Bergdahl Roommate: Chairman of Joint Chiefs Told Us Bowe Was A Deserter

Patrick Howley Political Reporter
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Then-chairman of the Joint Chiefs of Staff Admiral Michael Mullen admitted that Bowe Berghdal was a deserter, and said that he did not know why the military was focusing so much energy on trying to save him, according to one of Bergdahl’s platoon mates.

“The joint chief of staff, Admiral Mullen at the time. He came out to our unit and had Thanksgiving dinner, and he said, ‘Yeah he walked off, everybody knows he walked off, I don’t know why they’re trying to'” pretend that he didn’t, Bergdahl’s former infantry roommate Cody Full told The Daily Caller. (RELATED: Bergdahl Was A Deserter, Fellow Soldiers Say)

President Obama currently faces formal condemnation from Congress for illegally releasing five senior Taliban leaders from Guantanamo Bay in exchange for Bergdahl, who left his post near Afghanistan’s Pakistan border in 2009 and was captured by the Taliban and Haqqani terrorist network. The revelation that the military’s senior leader knew about Bergdahl’s desertion years in advance creates new questions about Obama’s conduct. Bergdahl recently returned to active duty with a desk job in San Antonio, Texas.

Bergdahl’s platoon searched for him at the expense of all other duties for more than two months, checking cars in an IED-strewn environment where villagers routinely hid the existence of anti-American insurgents.

“For us, we knew right away we were looking for him on our outpost, up to battalion level knew he had walked off,” Bergdahl platoon mate Matt Vierkant told TheDC, noting that a missing soldier alert was immediately sent out. “We knew he wasn’t taken, he walked off. Some children said he was crawling through the reeds.” (RELATED: US Knew Bowe Bergdahl Had Deserted, Investigated Him)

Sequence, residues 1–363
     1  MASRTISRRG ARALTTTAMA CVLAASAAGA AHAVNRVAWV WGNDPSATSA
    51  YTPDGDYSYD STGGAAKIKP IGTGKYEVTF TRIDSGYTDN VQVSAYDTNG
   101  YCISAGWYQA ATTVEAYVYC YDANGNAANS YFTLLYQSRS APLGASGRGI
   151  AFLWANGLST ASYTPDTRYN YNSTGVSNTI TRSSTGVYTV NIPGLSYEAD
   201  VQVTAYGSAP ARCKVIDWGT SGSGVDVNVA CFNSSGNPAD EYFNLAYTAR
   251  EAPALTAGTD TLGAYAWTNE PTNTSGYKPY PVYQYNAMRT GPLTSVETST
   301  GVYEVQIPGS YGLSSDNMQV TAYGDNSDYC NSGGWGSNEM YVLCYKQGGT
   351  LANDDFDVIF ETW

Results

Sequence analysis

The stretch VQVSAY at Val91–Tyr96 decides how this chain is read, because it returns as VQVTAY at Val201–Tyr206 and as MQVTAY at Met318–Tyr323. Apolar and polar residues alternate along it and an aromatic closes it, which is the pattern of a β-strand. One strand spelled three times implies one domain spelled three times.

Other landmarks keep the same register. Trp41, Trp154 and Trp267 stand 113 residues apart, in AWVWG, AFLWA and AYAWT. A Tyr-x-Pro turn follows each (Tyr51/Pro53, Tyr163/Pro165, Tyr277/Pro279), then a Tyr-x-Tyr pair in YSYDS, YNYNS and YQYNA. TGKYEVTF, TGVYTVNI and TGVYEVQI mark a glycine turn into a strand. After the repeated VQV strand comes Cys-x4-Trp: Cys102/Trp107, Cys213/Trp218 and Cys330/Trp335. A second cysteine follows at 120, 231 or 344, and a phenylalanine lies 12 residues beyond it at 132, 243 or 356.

“Maybe 2 or 3 days later I heard that he had been picked up by a village a couple miles away from us,” Vierkant said. “More information would come out each day. ‘Stop this type of car, because he could be in this type of car.’ It was a huge mission at that time. In the first month, thousands of people tried to find him…special forces, aircraft.” (RELATED: Army Investigation: Bergdahl Search Left Outpost Vulnerable To Brutal Attack)

“It definitely distracted. It was the mission for a month straight. For the second month we’re looking for Bergdahl specifically looking in these cars. Do anything we can to aid getting him back…[The search] never stops the whole time you’re there… it was most intense for 90 days then after that I’m sure with the lack of intel it probably only got pushed to special operations units.”

Bergdahl’s desertion was believed to have been caused by boredom, not shame in his country’s military efforts, which he cited in letters home to his parents. (RELATED: Afghan Villagers Recount Encounters With Bergdahl)

“He had expressed that he was upset because he wanted us to do more. More aggressive missions,” Vierkant said. “It wasn’t all he thought it was going to be…he sent emails back home to his parents completely 180 degrees different than what he was saying to us.”

“Once we got to Afghanistan he started voicing some concerns that he didn’t like what we were doing over there,” Full said. “We were doing humanitarian stuff. Delivering blankets, trying to appeal to hearts and minds instead of seeking out and trying to destroy the Taliban. He wanted to do more infantry stuff at that point. He brought up some concerns to our team leader and squad leader that he wanted to focus more on killing the Taliban than what we’re doing. They said you’re just kind of a private and these are orders instructed to us from higher ups.”

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